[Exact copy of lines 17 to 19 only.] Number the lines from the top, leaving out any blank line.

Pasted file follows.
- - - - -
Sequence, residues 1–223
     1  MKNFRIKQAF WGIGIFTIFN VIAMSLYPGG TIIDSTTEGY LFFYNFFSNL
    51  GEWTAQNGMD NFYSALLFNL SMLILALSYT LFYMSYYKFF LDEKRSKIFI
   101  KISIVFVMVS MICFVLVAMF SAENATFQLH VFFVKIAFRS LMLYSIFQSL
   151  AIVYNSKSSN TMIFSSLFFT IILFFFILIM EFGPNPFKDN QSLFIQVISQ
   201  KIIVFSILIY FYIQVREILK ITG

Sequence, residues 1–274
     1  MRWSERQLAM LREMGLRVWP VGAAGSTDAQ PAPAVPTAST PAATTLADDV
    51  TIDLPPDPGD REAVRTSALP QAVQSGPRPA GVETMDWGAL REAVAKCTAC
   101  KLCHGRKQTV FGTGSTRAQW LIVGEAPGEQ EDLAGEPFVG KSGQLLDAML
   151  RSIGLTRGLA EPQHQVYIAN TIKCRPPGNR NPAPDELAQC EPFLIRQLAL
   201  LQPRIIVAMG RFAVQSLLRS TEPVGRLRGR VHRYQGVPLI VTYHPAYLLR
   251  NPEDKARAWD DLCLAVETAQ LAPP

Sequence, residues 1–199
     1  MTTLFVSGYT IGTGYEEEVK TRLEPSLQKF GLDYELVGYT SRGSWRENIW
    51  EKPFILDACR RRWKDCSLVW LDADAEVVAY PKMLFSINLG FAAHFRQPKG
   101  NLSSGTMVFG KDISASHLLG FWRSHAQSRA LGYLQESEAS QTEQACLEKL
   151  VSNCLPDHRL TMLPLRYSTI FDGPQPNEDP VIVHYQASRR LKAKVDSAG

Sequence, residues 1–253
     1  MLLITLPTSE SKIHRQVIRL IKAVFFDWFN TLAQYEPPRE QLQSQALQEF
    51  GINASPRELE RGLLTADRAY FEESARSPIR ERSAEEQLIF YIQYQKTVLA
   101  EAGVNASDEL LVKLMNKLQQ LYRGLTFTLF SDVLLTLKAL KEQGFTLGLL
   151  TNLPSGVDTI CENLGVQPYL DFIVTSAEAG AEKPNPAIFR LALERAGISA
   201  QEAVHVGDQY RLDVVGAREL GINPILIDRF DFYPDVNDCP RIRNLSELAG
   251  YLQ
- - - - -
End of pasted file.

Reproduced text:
   101  NLSSGTMVFG KDISASHLLG FWRSHAQSRA LGYLQESEAS QTEQACLEKL
   151  VSNCLPDHRL TMLPLRYSTI FDGPQPNEDP VIVHYQASRR LKAKVDSAG

Sequence, residues 1–253